That said, it sounds like you already really know where you want to go.

I am hesitant to tell you my daughter's story because depending on how you want to look at it, it can be argued either way.

When my daughter was in high school her GI was emphatic that her Crohn's not factor into her decision at all. He said people all over the world have Crohn's and are able to get care and that he could connect with a GI anywhere and work with them to coordinate her care.

Of course, my daughter picked a school clear across the country (a 7 hour plane flight, then a two hour drive from the airport to her school). Her school in in a pretty rural area with no major hospital. Just a small regional medical center. There are literally no GI's closer than two hours away. However, it is a large state school so the school has a well staffed medical center complete with a lab, radiology, 5 MD's, lots of nurses, nurse practitioners etc.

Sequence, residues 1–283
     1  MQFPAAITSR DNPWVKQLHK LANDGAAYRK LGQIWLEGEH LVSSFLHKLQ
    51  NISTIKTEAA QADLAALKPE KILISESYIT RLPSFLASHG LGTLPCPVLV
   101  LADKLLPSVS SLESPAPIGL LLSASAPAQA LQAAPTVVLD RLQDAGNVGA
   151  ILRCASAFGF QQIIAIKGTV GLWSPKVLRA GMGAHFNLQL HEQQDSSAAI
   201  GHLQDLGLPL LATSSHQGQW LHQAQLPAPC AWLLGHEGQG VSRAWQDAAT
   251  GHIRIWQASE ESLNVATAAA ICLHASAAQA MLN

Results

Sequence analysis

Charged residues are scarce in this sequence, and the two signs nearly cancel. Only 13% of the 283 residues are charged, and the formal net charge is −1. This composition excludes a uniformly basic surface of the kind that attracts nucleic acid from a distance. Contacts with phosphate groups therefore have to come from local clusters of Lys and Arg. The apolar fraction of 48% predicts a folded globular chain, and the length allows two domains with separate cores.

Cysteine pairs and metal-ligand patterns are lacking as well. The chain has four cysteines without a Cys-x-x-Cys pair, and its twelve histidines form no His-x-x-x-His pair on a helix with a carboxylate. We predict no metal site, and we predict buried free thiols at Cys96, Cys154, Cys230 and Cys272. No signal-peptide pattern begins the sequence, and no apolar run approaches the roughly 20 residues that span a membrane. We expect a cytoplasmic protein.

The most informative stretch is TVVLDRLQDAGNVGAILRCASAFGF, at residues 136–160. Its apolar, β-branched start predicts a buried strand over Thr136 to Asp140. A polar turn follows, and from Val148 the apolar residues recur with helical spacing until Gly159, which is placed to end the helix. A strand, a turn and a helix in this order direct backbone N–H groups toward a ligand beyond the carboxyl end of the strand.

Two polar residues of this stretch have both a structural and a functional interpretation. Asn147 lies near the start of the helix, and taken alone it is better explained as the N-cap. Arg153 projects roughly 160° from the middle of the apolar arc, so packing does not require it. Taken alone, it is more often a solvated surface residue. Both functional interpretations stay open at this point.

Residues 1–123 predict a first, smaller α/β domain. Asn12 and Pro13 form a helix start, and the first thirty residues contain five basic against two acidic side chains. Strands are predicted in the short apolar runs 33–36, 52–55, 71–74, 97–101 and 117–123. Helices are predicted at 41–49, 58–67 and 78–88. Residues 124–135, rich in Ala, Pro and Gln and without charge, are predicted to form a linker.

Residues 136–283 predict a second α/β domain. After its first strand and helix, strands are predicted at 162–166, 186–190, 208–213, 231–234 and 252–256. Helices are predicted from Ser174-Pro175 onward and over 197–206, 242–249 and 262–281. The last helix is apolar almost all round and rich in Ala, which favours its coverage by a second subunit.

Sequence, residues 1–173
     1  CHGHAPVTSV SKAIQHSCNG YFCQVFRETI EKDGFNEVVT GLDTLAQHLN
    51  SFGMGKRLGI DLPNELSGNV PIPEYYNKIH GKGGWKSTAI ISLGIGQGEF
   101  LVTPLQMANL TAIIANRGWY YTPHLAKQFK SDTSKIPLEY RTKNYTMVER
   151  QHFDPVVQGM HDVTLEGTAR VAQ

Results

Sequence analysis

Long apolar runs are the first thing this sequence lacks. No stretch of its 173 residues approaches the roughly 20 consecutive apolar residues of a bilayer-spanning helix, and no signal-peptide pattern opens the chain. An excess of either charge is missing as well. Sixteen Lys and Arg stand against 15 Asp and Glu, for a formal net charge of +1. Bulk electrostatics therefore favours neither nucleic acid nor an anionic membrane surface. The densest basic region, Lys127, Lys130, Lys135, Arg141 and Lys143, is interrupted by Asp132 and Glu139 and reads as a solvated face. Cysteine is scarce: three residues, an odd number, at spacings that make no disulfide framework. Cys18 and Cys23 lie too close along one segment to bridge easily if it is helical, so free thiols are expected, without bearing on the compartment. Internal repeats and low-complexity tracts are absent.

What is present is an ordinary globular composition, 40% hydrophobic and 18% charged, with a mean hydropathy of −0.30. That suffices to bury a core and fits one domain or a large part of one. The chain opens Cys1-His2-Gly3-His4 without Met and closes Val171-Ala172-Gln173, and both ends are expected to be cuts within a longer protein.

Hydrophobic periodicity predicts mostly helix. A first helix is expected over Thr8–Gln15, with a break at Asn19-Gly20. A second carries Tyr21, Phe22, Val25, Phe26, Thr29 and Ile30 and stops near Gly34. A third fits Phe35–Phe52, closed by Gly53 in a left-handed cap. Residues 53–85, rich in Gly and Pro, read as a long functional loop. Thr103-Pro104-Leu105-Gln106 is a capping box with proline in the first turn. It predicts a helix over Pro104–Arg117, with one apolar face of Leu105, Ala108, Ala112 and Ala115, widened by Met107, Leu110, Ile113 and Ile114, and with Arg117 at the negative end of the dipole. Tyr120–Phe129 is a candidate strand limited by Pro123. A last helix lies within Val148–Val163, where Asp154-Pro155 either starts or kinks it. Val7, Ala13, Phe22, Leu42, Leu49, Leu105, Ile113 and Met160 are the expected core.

We had trouble finding an infusion center for her so opted for home infusions. It worked out great for her. The meds were shipped to the medical center where she picked them up and brought them to her room and put them in her fridge. The home care nurse came straight to her room and did the infusion at any time that worked for her. She says she will never go back to center infusions. She is now a rising senior in college.

My daughter lived in a suite style room. 4 single rooms and two bathrooms. So semi private bathroom but really no privacy. No kitchen facitlities so meal plan only.

She went to school already flaring quite a bit but the med center at school would call her GI to coordinate and her GI back home called all the shots with regard to treatment plan. She would go to the local lab (Quest or Labcorp) to get labs done.